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First Post

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As I edit this first post, ThinQ Education is barely four months old but the growth in learning and experience in that period has been exponential. I won’t go as far as saying that the growth in business has matched that, but interest and uptake has certainly been encouraging.

Several key words have characterised the journey for me as I have steered a course of exploration and discovery in my attempts to make ThinQ Education a going concern and a profitable business. Words like doubt, risk, mistakes, uncertainty and discouragement. Not the kind of words you want on sandwich boards around your neck!

However, if it was not for the reality of living those words as I bounced around trying to run a new start-up, I would not have learnt the important lessons that will enable ThinQ Education to become the success I hope it will be.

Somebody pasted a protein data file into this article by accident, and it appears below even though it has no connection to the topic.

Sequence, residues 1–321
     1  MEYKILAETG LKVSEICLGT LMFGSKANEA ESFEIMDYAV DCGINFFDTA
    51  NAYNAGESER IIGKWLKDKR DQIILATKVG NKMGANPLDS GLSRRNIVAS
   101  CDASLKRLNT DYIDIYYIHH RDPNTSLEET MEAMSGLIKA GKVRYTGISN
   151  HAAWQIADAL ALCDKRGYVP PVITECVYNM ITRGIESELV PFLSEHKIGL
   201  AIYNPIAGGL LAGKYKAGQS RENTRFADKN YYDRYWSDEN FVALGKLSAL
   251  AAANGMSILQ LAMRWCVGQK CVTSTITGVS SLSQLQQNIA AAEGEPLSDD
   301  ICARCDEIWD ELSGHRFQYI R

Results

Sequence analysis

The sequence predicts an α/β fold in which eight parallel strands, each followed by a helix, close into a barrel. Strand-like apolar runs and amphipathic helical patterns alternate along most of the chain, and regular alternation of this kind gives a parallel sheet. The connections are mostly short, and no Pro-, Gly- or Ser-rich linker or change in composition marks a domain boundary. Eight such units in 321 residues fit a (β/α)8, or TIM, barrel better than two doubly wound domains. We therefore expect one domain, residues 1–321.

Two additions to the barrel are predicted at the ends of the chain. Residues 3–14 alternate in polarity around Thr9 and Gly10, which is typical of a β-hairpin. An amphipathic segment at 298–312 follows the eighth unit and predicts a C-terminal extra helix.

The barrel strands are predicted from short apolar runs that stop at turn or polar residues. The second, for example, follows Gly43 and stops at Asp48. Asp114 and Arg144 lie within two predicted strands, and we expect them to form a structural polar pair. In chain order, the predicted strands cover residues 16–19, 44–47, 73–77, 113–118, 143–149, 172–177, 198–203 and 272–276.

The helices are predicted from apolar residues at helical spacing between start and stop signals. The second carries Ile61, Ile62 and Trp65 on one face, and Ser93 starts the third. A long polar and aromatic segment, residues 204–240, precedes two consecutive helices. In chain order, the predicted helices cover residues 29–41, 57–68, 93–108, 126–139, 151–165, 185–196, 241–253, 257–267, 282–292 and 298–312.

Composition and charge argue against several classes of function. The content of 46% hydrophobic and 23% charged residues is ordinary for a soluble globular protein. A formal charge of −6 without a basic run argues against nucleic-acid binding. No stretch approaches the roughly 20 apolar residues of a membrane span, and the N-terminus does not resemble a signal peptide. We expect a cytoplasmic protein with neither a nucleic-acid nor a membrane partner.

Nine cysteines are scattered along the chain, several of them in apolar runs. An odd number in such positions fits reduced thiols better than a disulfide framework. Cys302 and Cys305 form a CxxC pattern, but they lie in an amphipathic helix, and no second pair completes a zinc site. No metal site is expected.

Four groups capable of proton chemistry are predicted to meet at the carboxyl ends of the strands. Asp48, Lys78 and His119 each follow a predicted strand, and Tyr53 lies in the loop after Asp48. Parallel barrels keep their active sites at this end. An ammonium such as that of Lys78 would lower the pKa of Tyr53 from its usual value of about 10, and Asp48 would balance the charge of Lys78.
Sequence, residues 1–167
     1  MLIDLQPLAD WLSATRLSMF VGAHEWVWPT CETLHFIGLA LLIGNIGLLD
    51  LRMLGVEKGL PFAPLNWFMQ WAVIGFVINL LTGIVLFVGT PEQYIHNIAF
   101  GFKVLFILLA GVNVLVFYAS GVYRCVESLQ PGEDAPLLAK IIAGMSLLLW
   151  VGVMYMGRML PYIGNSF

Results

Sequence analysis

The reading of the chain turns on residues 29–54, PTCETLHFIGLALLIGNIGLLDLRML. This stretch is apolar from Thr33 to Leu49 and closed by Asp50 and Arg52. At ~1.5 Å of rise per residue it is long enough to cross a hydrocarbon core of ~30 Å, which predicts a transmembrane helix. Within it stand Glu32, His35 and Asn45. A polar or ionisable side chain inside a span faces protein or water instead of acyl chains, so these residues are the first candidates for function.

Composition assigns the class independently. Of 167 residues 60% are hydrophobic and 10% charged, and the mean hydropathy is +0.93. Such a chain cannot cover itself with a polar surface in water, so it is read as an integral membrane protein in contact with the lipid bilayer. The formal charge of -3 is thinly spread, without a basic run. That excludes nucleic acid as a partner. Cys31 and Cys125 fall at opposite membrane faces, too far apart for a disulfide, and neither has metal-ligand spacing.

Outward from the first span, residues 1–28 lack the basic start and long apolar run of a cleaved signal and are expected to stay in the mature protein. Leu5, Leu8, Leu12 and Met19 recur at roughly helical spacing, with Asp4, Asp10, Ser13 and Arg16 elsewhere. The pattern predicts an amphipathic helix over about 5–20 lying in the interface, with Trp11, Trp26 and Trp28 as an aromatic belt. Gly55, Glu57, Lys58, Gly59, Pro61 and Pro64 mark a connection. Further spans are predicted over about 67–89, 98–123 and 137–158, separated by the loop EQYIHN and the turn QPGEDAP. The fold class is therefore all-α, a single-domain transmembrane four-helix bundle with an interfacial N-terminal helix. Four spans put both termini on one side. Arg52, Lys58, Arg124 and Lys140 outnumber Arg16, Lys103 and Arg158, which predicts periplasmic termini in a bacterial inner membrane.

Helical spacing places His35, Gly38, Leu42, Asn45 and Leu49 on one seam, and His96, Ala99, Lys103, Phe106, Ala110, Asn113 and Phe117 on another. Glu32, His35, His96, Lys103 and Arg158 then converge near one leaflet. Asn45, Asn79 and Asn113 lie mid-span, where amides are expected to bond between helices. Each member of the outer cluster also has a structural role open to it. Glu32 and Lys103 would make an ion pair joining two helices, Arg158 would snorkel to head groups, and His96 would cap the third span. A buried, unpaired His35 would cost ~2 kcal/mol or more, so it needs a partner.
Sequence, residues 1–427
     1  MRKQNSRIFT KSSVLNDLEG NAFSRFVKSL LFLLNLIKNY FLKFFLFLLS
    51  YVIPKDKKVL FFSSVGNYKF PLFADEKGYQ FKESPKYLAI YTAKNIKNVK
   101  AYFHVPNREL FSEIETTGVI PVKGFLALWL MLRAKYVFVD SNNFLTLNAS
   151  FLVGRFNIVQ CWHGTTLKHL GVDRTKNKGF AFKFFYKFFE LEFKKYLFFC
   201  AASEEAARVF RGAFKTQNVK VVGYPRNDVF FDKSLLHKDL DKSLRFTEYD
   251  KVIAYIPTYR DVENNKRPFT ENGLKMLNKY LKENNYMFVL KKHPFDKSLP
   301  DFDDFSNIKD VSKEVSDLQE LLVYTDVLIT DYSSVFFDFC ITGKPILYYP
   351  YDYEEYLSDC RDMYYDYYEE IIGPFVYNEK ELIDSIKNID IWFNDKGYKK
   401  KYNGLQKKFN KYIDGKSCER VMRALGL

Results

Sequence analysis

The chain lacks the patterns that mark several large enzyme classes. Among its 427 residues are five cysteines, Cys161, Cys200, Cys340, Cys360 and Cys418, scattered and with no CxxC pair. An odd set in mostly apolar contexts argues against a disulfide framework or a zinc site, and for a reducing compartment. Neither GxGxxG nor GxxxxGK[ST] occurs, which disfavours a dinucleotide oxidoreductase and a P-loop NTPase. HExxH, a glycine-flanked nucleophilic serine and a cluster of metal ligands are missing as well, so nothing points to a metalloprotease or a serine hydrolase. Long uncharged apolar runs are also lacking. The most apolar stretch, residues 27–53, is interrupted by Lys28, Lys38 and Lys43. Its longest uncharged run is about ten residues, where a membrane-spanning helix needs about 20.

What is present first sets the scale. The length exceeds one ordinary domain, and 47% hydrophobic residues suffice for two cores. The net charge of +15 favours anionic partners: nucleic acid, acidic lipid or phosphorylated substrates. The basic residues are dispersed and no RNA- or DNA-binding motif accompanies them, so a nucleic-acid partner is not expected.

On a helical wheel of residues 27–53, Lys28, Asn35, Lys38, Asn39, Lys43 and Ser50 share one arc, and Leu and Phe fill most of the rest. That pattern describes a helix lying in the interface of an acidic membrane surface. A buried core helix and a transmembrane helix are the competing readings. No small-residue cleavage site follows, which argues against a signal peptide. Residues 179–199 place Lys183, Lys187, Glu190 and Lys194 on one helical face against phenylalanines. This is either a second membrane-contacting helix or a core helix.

A butterfly emerging from its cocoon undergoes a fierce struggle before it is free and is allowed to let its wings spread and its colours shine – but that struggle is necessary for its survival. I believe that, as learners, we all have to learn important lessons if we are to fully appreciate the benefits of our learning. Learning to walk – and falling over in the process – is an early example of this, followed by learning to ride a bike – and more falling. In a school context, we often find that children are averse to making mistakes in their learning and do not realise just how important making and recognising mistakes is to the depth and strength of their learning.

Growing resilient learners is a key driver for ThinQ Education but, far from it being a pink and fluffy concept, resilience in thought (what I call ‘intellectual resilience’) is essential to successful learning and living. As educators, we must create opportunities for children to develop as resilient thinkers. This doesn’t require bolt-on strategies – just a climate of promoting, encouraging and validating independent thinking.

As resilient thinkers, children will learn to manage doubt, risk, mistakes, uncertainty and discouragement, rather than feel like they are walking through life with sandwich boards bearing the word, ‘failure’.